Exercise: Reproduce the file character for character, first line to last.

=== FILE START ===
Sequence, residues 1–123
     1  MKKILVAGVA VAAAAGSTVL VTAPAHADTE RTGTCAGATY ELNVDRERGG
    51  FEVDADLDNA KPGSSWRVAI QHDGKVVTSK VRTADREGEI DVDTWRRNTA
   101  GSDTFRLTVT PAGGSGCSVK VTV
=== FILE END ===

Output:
Sequence, residues 1–123
     1  MKKILVAGVA VAAAAGSTVL VTAPAHADTE RTGTCAGATY ELNVDRERGG
    51  FEVDADLDNA KPGSSWRVAI QHDGKVVTSK VRTADREGEI DVDTWRRNTA
   101  GSDTFRLTVT PAGGSGCSVK VTV